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In Dallas, Clinton Continues Offensive Against Sanders

Former U.S. Secretary of State Hillary Clinton used a boisterous rally in Dallas Tuesday to offer a thinly veiled critique of Democratic presidential rival Bernie Sanders, suggesting his health-care proposals would undermine efforts to reform the system.

Democratic presidential candidate Hillary Clinton speaks at Mountain View College in Dallas on Nov. 17, 2015.

Editor's note: This story has been updated throughout.

DALLAS — Former U.S. Secretary of State Hillary Clinton used a boisterous rally here Tuesday to offer a thinly veiled critique of Democratic presidential rival Bernie Sanders, suggesting his health-care proposals would undermine efforts to reform the system. 

Addressing hundreds at Mountain View College, Clinton did not utter Sanders' name but left little doubt about whom she was referring to when she brought up an opponent who she said wants to dismantle President Barack Obama's signature health-care reform law and give more power to the states.

"I don’t know about you, but I’d be a little concerned about turning it over to Greg Abbott," Clinton said in one of several references to the Texas governor. GOP governors like Abbott, Clinton added, "won’t even expand Medicaid to help working people.”

Clinton's rally came hours after her campaign launched a new offensive against Sanders, saying his health-care plan would lead to a roughly 9 percent tax hike on middle-class families. Clinton echoed the offensive in Dallas, pitching herself as the only candidate on the Democratic debate stage Saturday "who will commit to raising more wages and not more taxes."

“I don’t see how you can be serious about raising working and middle-class families' incomes if you also want to slap new taxes on them, no matter what the taxes will pay for," Clinton said.

The Sanders campaign on Tuesday defended his support for a single-payer health care system in response to Clinton's latest criticism.

"On Medicare for all, the middle class would be far better off because it would save taxpayers money," Sanders spokesman Michael Briggs said in a statement. "More people would get better care at less cost. Didn't she used to be for that? We wouldn't throw money away on costly premiums for profit-making private insurance companies. Pharmaceutical companies would no longer be able to rip off Americans with the most expensive prescription drugs in the world. Didn't she used to be for that?"

The GOP also took issue with Clinton's tax talk.

“Hillary Clinton is wrong if she thinks Americans won’t remember she voted for middle class tax hikes in the Senate, championed her husband’s middle class tax hike that cost him Congress, and continues to defend President Obama’s middle class tax hike called Obamacare," Republican National Committee spokesman Michael Short said in a statement.

Clinton struck a more somber note toward the beginning of her speech, saying the recent Paris attacks serve as a reminder that "America is not just electing a president. We're also electing a commander in chief." She later alluded to the debate that has intensified after the attacks about whether the United States should accept Syrian refugees, an idea that has drawn opposition from some in the GOP field for the White House.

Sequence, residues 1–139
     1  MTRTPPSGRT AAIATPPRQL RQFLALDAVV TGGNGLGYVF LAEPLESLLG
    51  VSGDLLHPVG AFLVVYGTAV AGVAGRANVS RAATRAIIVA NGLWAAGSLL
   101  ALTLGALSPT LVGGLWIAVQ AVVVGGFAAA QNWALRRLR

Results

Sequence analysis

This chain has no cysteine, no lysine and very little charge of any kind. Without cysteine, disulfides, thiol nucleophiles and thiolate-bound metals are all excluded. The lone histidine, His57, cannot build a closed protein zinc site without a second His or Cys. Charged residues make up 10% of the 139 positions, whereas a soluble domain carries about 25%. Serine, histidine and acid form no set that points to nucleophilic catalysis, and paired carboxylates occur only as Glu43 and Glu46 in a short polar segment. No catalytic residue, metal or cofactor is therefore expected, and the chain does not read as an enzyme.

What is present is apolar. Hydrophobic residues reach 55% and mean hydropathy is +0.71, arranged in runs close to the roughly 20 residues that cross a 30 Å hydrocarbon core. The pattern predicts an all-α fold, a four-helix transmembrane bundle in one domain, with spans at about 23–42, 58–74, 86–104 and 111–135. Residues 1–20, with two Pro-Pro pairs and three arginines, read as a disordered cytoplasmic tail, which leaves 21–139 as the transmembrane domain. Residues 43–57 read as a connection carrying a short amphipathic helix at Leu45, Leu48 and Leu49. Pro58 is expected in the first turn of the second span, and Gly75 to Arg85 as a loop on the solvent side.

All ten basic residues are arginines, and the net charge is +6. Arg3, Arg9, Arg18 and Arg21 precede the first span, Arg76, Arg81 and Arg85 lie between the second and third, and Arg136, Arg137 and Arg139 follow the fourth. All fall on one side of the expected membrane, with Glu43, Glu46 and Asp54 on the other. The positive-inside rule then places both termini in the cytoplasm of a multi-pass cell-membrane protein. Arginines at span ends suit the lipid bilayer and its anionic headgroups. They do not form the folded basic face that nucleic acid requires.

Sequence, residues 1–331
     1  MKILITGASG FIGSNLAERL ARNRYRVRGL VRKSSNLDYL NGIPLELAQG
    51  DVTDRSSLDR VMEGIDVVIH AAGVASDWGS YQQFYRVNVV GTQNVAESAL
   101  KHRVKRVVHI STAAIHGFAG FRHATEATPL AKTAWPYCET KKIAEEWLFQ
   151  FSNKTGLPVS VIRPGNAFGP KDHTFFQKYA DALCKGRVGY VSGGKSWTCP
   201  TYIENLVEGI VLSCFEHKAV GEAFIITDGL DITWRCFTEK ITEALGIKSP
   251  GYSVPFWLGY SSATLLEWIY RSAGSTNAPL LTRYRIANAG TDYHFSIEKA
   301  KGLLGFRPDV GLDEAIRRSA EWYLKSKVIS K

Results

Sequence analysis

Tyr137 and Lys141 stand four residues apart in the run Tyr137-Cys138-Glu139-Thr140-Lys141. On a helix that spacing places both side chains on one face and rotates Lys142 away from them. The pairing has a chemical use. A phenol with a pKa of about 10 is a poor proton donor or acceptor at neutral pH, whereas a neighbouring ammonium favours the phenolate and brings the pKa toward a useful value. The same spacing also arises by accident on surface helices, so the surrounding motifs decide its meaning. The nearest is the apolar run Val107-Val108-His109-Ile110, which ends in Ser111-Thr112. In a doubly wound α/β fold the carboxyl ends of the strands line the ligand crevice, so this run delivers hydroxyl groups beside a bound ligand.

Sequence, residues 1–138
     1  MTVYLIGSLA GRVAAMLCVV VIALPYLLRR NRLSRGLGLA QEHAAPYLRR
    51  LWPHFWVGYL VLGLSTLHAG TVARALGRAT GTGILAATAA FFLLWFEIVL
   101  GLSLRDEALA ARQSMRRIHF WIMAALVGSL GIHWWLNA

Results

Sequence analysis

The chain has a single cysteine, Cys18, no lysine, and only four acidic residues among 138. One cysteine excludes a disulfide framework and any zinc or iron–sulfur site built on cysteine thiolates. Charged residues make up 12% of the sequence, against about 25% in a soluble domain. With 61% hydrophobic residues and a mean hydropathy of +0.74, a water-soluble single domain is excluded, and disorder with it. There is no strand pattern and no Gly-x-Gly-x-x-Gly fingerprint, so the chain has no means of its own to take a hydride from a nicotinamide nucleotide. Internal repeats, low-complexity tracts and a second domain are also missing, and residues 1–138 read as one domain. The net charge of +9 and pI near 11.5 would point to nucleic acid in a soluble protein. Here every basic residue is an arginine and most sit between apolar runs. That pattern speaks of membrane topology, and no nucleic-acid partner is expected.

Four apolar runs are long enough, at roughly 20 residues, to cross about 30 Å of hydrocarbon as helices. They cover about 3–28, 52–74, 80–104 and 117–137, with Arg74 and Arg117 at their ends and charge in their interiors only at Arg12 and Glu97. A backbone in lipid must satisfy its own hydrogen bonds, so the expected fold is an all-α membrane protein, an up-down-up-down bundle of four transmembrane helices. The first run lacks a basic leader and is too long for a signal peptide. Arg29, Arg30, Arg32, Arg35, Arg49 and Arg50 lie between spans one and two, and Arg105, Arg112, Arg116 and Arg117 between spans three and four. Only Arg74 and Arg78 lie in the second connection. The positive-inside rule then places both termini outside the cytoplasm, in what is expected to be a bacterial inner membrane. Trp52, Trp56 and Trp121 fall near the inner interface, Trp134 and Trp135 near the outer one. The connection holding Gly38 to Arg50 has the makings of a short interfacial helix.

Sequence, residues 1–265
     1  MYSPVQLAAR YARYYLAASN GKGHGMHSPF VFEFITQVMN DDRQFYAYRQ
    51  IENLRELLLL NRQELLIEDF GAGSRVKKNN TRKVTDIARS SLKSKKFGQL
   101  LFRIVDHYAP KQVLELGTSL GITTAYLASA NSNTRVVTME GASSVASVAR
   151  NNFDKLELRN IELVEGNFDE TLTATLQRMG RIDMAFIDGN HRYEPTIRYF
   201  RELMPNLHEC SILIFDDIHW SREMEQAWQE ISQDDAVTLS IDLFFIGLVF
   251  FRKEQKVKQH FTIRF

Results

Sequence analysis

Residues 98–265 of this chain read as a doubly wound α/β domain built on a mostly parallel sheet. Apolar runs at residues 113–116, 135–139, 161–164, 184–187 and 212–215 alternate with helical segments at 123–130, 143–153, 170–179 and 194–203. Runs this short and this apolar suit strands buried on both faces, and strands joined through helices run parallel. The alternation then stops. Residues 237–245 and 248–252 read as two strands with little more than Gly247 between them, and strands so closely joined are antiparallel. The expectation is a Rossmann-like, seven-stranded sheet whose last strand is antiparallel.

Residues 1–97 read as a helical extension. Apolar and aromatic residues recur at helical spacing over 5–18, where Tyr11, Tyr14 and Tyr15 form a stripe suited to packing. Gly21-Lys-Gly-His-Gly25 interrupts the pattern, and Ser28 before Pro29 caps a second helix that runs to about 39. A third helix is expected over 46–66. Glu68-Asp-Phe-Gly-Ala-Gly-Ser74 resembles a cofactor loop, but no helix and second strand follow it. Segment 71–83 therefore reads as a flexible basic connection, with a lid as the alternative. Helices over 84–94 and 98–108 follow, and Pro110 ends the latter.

"Of course we have to have a lot of vigilance and we have to vet people," Clinton said. "But we can’t act as though we’re shutting the doors to people in need without undermining who we are as Americans."

Abbott is among the governors who have said their states will not accept Syrian refugees in the wake of the Paris attacks. Clinton also criticized Abbott for his opposition to expanding Medicaid in Texas and his involvement in what she called an "all-out assault on Planned Parenthood" in the state. 

As she has done during previous visits to the state, Clinton reminded the crowd of her efforts to register voters in South Texas during the 1970s. In Dallas, she said that experience has given her a unique perspective on the plight of people in the country illegally.

About an hour before Clinton's rally was set to start in Dallas, Sanders campaign officials briefed reporters on their efforts to win the March 1 primary in Texas, saying the state is an "integral part of our strategy to win." The officials, speaking on a conference call with Texas media, also did not let go unmentioned Clinton's ramped-up criticism of Sanders on health care and taxes. 

"I’ve been doing this for a long time, and when the prohibitive frontrunner decides to attack what they say is a distant rival, I would suggest that that expresses the fact that they are very concerned at Bernie Sanders’ progress," said Tad Devine, a senior strategist for the Sanders campaign. 

Clinton's rally — which drew 1,500 attendees, according to her campaign — marked Clinton's second campaign event in Texas since she launched her second presidential bid. Her trip to Texas on Tuesday was also set to include two fundraisers: one before her rally in Dallas, and the other later in the day in Austin. The Dallas fundraiser, which cost at least $1,000 to attend, was held at the home of attorney Regina Montoya, one of 13 "Hillblazers" — or top bundlers — in Texas. 

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